That being said I used to think the same until I got used to it, I slide more than a few dots up and down all the time. I would not want to go back to taptaptaptap.
- dock widget that shows open apps and allows me to switch quickly.
- Spotify widget that shows current track/album (with art) and controls.
- a custom date/time display that also shows the week number.
- battery level with 'time-to-full-charge' indicator.
- mute button.
But even more useful are the swipe gestures I added: two-finger swipe anywhere turns the entire bar into a volume control, and a three-finger swipe does the same for brightness.
BTT offers a ton more though.
I have a few gestures configured for the trackpad. three-finger up and down for brightness and shift + three fingers for volume if I'm too lazy to go for the touchbar. And I use a weird four-finger tapping gesture for mute and to lock my laptop ('rap' my fingers from left to right to mute, and from right to left to lock).
Then there's window sizing and, if not for Keyboard Maestro, app launching via keyboard shortcuts.
Anyways, I occasionally miss the function keys, but what the Touch Bar can do now provides enough to offset that.
But the touchbar was designed primarily for AV professionals from the beginning -- sliding controls for filmstrips, audio sliders, colors, etc.
It's just that most developers have never needed to do any work like that, and have never used the creative apps that expose this, so don't see the point.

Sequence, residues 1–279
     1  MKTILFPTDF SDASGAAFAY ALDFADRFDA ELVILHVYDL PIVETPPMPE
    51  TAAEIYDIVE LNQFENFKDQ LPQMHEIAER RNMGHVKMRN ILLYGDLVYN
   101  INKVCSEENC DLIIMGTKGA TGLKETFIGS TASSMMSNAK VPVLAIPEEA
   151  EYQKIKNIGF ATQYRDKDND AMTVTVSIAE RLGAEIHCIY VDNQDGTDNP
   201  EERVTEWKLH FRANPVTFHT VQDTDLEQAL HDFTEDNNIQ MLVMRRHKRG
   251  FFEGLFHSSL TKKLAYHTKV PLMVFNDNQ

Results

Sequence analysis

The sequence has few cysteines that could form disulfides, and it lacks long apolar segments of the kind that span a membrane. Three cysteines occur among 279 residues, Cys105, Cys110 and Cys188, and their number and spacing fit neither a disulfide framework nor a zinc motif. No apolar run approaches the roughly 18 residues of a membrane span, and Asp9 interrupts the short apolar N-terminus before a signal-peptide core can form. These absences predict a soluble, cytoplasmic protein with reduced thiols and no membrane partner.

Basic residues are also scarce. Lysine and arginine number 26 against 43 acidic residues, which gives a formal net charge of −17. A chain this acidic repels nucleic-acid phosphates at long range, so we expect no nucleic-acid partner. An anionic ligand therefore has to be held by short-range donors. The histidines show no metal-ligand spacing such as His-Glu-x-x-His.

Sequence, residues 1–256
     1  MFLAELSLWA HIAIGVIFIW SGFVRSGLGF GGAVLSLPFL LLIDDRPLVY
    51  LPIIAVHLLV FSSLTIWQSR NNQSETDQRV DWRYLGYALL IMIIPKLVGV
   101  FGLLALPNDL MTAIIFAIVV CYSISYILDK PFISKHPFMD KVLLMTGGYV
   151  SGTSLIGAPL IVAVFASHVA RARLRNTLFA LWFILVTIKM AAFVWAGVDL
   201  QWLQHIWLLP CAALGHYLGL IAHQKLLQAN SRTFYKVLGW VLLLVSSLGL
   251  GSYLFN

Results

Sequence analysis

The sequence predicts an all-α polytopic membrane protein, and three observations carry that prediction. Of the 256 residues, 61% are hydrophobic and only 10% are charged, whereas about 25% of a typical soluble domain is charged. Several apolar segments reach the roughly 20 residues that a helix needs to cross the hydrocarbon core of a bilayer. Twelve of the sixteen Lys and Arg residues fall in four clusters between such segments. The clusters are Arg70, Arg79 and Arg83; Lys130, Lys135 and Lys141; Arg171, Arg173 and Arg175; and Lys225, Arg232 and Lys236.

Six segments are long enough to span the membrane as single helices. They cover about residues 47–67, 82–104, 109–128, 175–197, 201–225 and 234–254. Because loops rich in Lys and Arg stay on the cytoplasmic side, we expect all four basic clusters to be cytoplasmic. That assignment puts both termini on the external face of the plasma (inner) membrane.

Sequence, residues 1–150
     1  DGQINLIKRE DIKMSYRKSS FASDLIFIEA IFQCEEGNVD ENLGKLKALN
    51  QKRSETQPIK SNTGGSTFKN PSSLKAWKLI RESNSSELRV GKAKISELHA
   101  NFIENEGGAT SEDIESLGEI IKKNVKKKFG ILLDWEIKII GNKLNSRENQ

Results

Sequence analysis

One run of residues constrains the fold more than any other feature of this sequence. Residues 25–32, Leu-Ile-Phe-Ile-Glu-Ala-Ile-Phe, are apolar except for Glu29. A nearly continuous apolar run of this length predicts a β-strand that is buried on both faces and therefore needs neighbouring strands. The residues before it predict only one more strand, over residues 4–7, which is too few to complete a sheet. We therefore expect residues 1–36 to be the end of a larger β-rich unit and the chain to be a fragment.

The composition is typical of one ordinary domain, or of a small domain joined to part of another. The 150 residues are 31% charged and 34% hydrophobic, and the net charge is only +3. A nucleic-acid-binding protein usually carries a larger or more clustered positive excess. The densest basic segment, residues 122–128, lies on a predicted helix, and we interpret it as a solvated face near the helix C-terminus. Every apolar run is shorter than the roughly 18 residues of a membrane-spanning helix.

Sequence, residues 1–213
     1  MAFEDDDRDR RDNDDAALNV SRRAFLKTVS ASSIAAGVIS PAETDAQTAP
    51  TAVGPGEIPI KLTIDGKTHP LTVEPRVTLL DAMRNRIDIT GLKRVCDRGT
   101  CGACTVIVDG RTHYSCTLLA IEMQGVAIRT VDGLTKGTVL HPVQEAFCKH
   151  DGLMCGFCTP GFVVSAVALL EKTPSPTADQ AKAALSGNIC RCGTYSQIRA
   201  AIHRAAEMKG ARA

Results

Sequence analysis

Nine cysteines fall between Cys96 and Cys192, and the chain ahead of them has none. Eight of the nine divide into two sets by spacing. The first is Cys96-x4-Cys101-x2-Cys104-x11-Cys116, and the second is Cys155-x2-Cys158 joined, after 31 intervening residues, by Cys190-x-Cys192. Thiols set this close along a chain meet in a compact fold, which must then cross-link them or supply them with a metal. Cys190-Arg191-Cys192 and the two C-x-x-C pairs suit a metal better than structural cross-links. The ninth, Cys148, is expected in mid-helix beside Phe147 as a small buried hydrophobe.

But it's genuinely for the "professional" part of Pro. Not develop professionals, but creative professionals.
I've only recently started using a device with the TouchBar, but as a developer I've really enjoyed having debugging controls on it. It is nice being able to have the main screen focused on the running application and having the secondary debugging tools on the TouchBar.
About the only thing I’ve found useful is when plugging in a projector and getting the “mirror or extend” buttons directly rather than having to remember which symbol it is. Every other case it’s felt inferior and gotten in the way (like display/sound/volume access in an app that uses it)
You can also develop muscle memory with the Touch Bar as I've mentioned in my comment: https://news.ycombinator.com/item?id=23786774
Is there some kind of force feedback?
sleep 10; kill -STOP `pgrep app`
But it's still overblown though, since the same interface is available on the xxl touchpad and would be better served with a gesture (so that aiming a narrow spot is not necessary).
As a dev I would never replace regular function keys. You certainly didn't lack shortcuts for debugging without a touchbar. But I definitely see the point it being an accessibility feature (in that case though, my thought goes to something like this https://en.wikipedia.org/wiki/Optimus_Maximus_keyboard instead)
Binding a two character keystroke (cmd-shift-c for step next for me) is vastly superior ux than a function key or touchbar provide ...
i think the location of the touchbar above the useable space in the keyboard is a huge issue with it -- it's just not a useable space. it was hard to use function keys as well for this reason.